- Views 2,351
Since last September, scientists working across nine major areas of research have joined as members of the eLife Board of Reviewing Editors (BRE). Reviewing Editors are responsible for handling papers assigned to them by eLife Senior Editors (who are also working scientists), overseeing the online consultation among referees, and delivering clear, consolidated feedback to authors. Our new editors add expertise in Biochemistry, Biophysics and Structural Biology, Cancer Biology, Cell Biology, Developmental Biology and Stem Cells, Genes and Chromosomes, Human Biology and Medicine, Immunology, and Neuroscience.
For the first time, eLife’s new editors include members of our early-career reviewer pool, who have been recommended for a position on the editorial board due to their quality of feedback and reliability.
On joining the editorial board, Beate Lichtenberger (Medical University of Vienna, Austria), said she was
“delighted to join eLife’s Board of Reviewing Editors and to support transparency and collaboration in peer review.”
We’re also happy to welcome back Chris Ponting (University of Edinburgh and a founding member of our team of Senior Editors) and Dawn Teare (University of Sheffield), who have returned to the editorial board as BREs.
Our most recent BREs include:
- Christine Clayton, Zentrum für Molekulare Biologie der Universität Heidelberg (ZMBH), Germany, Epidemiology and Global Health, and Human Biology and Medicine
- Laura Colgin, The University of Texas at Austin, United States, Neuroscience
- Martin Eilers, University of Würzburg, Germany, Cancer Biology
- José Faraldo-Gómez, National Heart, Lung and Blood Institute, National Institutes of Health, United States, Biochemistry and Chemical Biology, and Biophysics and Structural Biology
- Raymond Goldstein, University of Cambridge, United Kingdom, Biophysics and Structural Biology, and Plant Biology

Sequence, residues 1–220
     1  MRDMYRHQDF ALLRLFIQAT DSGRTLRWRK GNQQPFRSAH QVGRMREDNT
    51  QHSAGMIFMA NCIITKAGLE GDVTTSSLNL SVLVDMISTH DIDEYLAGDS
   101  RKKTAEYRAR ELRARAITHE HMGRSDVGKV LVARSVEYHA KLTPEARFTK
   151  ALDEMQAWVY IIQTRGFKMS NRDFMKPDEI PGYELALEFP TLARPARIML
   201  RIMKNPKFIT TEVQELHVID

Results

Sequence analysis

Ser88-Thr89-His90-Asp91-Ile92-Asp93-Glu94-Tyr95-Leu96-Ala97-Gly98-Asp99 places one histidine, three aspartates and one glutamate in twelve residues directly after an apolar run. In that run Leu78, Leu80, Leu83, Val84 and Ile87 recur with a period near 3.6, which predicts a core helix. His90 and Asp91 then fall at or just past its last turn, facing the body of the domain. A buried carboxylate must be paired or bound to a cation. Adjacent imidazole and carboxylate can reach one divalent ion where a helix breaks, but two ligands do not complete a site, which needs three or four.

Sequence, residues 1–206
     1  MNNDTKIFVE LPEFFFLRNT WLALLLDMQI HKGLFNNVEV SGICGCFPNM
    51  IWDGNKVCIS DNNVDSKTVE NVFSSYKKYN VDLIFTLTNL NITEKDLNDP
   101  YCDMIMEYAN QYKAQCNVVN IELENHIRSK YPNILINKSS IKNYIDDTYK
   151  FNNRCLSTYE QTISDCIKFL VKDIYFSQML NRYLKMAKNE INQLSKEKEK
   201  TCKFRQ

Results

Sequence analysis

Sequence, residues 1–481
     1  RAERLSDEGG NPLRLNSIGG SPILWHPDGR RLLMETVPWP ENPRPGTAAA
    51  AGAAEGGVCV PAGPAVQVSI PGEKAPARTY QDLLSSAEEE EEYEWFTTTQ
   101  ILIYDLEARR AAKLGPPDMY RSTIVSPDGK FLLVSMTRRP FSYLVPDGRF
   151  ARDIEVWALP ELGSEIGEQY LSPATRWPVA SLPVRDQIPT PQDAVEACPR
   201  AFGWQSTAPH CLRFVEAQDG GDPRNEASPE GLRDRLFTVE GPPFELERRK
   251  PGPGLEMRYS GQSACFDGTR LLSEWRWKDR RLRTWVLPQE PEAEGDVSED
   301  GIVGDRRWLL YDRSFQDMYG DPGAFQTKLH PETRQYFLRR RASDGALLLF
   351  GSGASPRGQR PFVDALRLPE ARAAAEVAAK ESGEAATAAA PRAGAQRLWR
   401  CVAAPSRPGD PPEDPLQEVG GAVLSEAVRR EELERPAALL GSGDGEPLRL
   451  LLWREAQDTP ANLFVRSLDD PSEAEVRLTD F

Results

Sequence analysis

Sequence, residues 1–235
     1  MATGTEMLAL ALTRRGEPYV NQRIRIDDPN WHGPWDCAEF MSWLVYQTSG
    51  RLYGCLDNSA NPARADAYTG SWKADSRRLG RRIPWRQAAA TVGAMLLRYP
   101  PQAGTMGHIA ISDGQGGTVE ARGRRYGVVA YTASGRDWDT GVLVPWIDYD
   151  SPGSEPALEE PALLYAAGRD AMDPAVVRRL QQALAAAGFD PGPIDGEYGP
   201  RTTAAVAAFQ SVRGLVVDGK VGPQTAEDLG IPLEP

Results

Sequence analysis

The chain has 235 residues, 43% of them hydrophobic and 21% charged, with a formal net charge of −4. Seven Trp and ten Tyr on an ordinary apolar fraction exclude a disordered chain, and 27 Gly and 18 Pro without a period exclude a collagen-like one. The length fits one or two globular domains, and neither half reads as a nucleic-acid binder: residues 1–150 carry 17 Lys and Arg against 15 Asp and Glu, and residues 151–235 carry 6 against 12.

- Yuichi Iino, University of Tokyo, Japan, Neuroscience
- Leon Islas, Universidad Nacional Autónoma de México, Mexico, Biophysics and Structural Biology
- Matt Kaeberlein, University of Washington, United States, Genes and Chromosomes
- Yamuna Krishnan, University of Chicago, United States, Biophysics and Structural Biology
- Beate Lichtenberger, Medical University of Vienna, Austria, Cancer Biology, and Developmental Biology and Stem Cells
- Thomas Look, Dana-Farber Cancer Institute, United States, Cancer Biology, Genes and Chromosomes, and Human Biology and Medicine
- Jeremy Luban, University of Massachusetts Medical School, United States, Immunology and Inflammation
- Hitoshi Nakatogawa, Kyoto University, Japan, Biochemistry and Chemical Biology, and Cell Biology
- Phillip Newmark, Morgridge Institute for Research, United States, Developmental Biology and Stem Cells, and Microbiology and Infectious Disease
- Timothy O’Leary, Cambridge University, United Kingdom, Neuroscience
- Jody Rosenblatt, University of Utah, United States, Cancer Biology, and Cell Biology
- Kavitha Sarma, Wistar Institute, United States, Biochemistry and Chemical Biology, and Genes and Chromosomes
- Ian Tannock, Princess Margaret Cancer Centre, Canada, Cancer Biology, and Human Biology and Medicine
- Vatsala Thirumalai, National Centre for Biological Sciences, Tata Institute of Fundamental Research, India, Neuroscience
- Elçin Ünal, University of California, Berkeley, United States, Genes and Chromosomes
- Matthew Vander Heiden, Massachusetts Institute of Technology, United States, Cancer Biology, and Human Biology and Medicine
- Xiaochen Wang, Institute of Biophysics, Chinese Academy of Sciences, China, Cell Biology
Five of these were recent members of eLife’s early-career reviewer pool, where reviewers are recommended for their expertise and may have served as principal investigators for up to five years.
To learn more about eLife peer review go to elifesciences.org/about/peer-review
For the latest in published research plus papers available in PDF shortly after acceptance sign up for our weekly email alerts. You can also follow @eLife on Twitter.
For news about eLife’s programs for early-career scientists, sign up for our early-career newsletter or follow @eLifeCommunity on Twitter.